By Alan Murray, President, Pew Research Center This op-ed was published in The Wall Street Journal on July 18, 2013. The mass uprisings this summer in Egypt, Turkey and Brazil are powerful reminders that the middle classes drive history. What remains unclear, however, is where they are driving it. The world today is witnessing its third great […]
Optimism in an Era of Growing Inequality and Economic Difficulty Despite an extended period of economic difficulty, Pew Research Center pollsters Andrew Kohut and Michael Dimock show that Americans’ core values and beliefs about economic opportunity, and the nation’s economic outlook, remain largely optimistic and unchanged. There is also little evidence that economic class is […]
During the first two years of the nation’s economic recovery, the mean net worth of households in the upper 7% of the wealth distribution rose by an estimated 28%, while the mean net worth of households in the lower 93% dropped by 4%, according to a Pew Research Center analysis of newly released Census Bureau […]
Americans believe that having a secure job is by far the most important requirement for being in the middle class, easily trumping homeownership and a college education, according to a new nationwide Pew Research Center survey of 2,508 adults. Nearly nine-in-ten adults (86%) say a person needs a secure job to be considered part of […]
This posting describes and links to a new report, "The Lost Decade of the Middle Class," that combines income data from the Census Bureau, wealth data from the Survey of Consumer Finances and findings from a new survey to paint a portrait of diminished finances and muted hopes.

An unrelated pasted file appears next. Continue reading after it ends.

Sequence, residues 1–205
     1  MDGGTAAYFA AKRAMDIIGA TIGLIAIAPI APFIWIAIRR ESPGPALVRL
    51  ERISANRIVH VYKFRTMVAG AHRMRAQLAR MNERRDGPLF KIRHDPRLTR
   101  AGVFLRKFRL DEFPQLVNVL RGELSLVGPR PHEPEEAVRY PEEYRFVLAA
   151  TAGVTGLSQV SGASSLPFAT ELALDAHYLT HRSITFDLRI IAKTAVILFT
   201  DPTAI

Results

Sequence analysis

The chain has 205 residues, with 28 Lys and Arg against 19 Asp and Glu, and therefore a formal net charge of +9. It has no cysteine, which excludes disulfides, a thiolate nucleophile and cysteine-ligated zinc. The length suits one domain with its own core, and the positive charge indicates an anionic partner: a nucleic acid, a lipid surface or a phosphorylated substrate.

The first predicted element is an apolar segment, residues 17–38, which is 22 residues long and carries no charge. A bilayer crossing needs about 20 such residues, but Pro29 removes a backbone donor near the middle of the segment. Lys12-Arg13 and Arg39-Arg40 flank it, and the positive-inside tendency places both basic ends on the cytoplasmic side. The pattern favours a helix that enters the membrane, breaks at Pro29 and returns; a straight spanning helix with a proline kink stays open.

Chapter 1: Overview As the 2012 presidential candidates prepare their closing arguments to America’s middle class, they are courting a group that has endured a lost decade for economic well-being. Since 2000, the middle class has shrunk in size, fallen backward in income and wealth, and shed some—but by no means all—of its characteristic faith […]
Since 2000, the middle class has shrunk in size, fallen backward in income and wealth and shed some — but by no means all– of its characteristic faith in the future. Our new report explores how middle-class Americans view themselves, as well as their outlook on the future and on the presidential candidates who are […]
For a narrow majority of Americans (55%), the Great Recession brought a mix of hardships, usually in combination: a spell of unemployment, missed mortgage or rent payments, shrinking paychecks and shattered household budgets, but for the other 45% of the country, the recession was largely free of such difficulties.
Views on Democracy, Religion, Values, and Life Satisfaction in Emerging Nations